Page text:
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Black money stalemate: If Modi government gives the promised Rs 15 lakhs, what’d you do?

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PM Modi

By Shilpika Srivastava

Last year’s Lok Sabha election campaigns had witnessed amazing election promises made by various political parties and politicians. On one hand, Andhra Pradesh based Lok Satta Party promised to nationalize the sale of liquor, while MDMK, a BJP ally in Tamil Nadu, guaranteed to rename the country as “United States of India” to put emphasis on the federal structure. However, amid all the unique and weird promises, Prime Minister Narendra Modi ignited a hope in the hearts of 1.252 billion of Indians by promising Rs 15 lakhs to be transferred in their bank accounts by recovering black money within 100 days.

The 100 days swiftly passed away and Pradhan Mantriji even travelled abroad on janta’s hard-earned money. Soon, Bhartiya Janta Party president Amit Shah declared Modi’s promise as a chunavi jumla (idiomatic expression).

As Sheldon Cooper, a character from famous American sitcom Big Bang Theory, says, “Once again, you’ve fallen for one of my classic pranks. BAZINGA,” similarly, Modi tricked billions of Indians by his empty promises.

Gradually, the moment of truth struck the blind followers who ended up trolling Modi heavily on social media channels. Prime Minister received major heartburns when the followers asked him directly ‘Where is my Rs 15 lakhs?’ on Twitter.

While the followers are still hoping for the ‘best,’ NewsGram asked people what will they do if they get 15 lakhs in their bank accounts as promised by our very own Modiji.

Rohan, who was on a shopping spree in Delhi’s Lajpat Nagar, told us, “I would keep those 15 lakhs with myself and would buy a house.”

Mohammad Iqbal, a tailor, said that he will invest it in a business and will open a clothing shop. “I will expand my business and would also increase the wages of my employees,” he added.

Mohammed Iqbal would like to start his own business.
Mohammed Iqbal would like to start his own business.

On the other hand, Zakir, a shoe shop salesman, has lost all the hopes that Narendra Modi will even fulfill his election promise. “Let the money come first. I see no hope of Rs 15 lakhs coming in our accounts,” told Zakir.

Zakir doesn't believe that black money is going to come back.
Zakir doesn’t believe that black money is going to come back.

In the world of greed and insatiability, there are still a few people who want to contribute towards the improvement of the Indian society.“I want to do something for senior citizens. I will open an old-age home once I get the money,” told Ramesh Pradhan, a second-hand bookstore owner in Lajpat Nagar, to NewsGram.

Ramesh Pradhan has more charitable concerns on his mind.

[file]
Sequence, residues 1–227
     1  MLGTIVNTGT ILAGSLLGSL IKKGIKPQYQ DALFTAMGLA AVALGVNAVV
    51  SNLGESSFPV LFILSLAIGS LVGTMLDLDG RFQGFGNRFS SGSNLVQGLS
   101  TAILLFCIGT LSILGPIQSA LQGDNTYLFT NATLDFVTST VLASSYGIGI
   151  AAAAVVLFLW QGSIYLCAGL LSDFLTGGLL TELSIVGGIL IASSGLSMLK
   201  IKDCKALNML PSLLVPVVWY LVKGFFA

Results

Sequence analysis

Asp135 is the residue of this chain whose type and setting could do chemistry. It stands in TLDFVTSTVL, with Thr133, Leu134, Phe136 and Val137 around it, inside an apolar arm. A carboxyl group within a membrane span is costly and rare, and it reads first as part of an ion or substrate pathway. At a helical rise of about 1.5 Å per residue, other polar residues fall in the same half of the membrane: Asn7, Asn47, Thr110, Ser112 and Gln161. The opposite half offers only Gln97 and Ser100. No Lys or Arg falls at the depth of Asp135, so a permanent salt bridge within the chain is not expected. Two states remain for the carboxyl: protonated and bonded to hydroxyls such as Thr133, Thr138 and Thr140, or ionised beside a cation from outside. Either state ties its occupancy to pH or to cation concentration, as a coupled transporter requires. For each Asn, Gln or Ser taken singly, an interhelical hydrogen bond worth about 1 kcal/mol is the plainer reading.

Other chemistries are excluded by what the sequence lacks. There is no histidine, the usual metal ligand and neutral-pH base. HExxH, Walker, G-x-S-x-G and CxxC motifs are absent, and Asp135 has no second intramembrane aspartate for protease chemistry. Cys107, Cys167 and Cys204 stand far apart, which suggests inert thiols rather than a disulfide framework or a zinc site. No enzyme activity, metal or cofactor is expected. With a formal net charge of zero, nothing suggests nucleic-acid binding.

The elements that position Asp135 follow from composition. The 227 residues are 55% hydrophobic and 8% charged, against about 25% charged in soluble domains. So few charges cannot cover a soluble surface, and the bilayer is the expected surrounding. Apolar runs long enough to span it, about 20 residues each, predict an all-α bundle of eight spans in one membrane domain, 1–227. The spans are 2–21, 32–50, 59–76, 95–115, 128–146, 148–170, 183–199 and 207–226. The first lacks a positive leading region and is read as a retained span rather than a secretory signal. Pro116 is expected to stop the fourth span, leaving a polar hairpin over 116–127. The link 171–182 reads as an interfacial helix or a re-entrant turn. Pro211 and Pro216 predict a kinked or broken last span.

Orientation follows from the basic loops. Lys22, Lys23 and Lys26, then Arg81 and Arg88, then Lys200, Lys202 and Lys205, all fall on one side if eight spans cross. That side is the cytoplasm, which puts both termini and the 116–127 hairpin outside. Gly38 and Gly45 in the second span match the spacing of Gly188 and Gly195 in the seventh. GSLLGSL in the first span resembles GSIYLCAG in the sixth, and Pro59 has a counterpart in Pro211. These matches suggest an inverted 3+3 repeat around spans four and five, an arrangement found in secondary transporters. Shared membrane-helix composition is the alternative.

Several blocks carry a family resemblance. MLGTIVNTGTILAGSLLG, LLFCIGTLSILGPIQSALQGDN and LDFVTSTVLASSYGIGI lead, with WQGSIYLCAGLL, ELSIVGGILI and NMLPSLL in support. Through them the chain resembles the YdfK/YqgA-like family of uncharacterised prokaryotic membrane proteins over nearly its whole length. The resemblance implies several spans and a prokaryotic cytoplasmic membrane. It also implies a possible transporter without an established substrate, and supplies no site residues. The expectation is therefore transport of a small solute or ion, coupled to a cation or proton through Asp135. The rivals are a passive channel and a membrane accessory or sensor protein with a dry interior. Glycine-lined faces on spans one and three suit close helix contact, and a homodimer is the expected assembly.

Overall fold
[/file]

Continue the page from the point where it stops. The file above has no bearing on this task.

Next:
Ramesh Pradhan has more charitable concerns on his mind.

Indeed, there were few who found the promise humorous. “I will quit work and spend my lifetime with those Rs 15 lakhs,” laughingly told Janardan, a rickshaw-puller.

Janardan wants to live an easy life if he gets the money.
Janardan wants to live an easy life if he gets the money.

Well, we can still digest the fact that Modi’s ’Rs 15-lakh promise’ is a chunavi jumla, but what about crores of black money stashed away in foreign banks? Where are those Acche Din (good days) that you promised, Mr. PM?

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Twitter Gets Investigated By Ireland Over Data Collection

Both Facebook and Twitter have faced lawsuits for collecting data on links shared in private messages

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Twitter CEO
Twitter on a smartphone device. VOA

 Twitter is reportedly facing an investigation by privacy regulators in Ireland over data collection in its link-shortening system, the media reported.

Privacy regulators in Ireland have launched an investigation into exactly how much data Twitter collects from t.co, its URL-shortening system, The Verge reported late on Saturday.

The investigation stems from a request made by UK professor Michael Veale under the General Data Protection Regulation (GDPR), a comprehensive European privacy law under which EU citizens have a right to request any data collected on them from a given company.

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But when Veale made that request to Twitter, the company claimed it had no data from its link-shortening service. The professor was sceptical, and wrote to the relevant privacy regulator to see if Twitter was holding back some of his data.

Now, that investigation seems to be underway. The investigation, first reported by Fortune, is confirmed in a letter obtained by The Verge, sent to Veale by the office of the Irish Data Privacy Commissioner, the report said.

Initially designed as a way to save characters in the limited space of a tweet, link-shortening has also proved to be an effective tool at fighting malware and gathering rudimentary analytics.

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Twitter Chief Executive Officer Jack Dorsey testifies before a Senate Intelligence Committee hearing on foreign influence operations and their use of social media on Capitol Hill. VOA

Those analytics services can also present a significant privacy risk when used in private messages.

Also Read: Facebook Tackles Fake News, Deletes Almost 800 Accounts

Both Facebook and Twitter have faced lawsuits for collecting data on links shared in private messages, although no wrong-doing was conclusively established in either case. (IANS)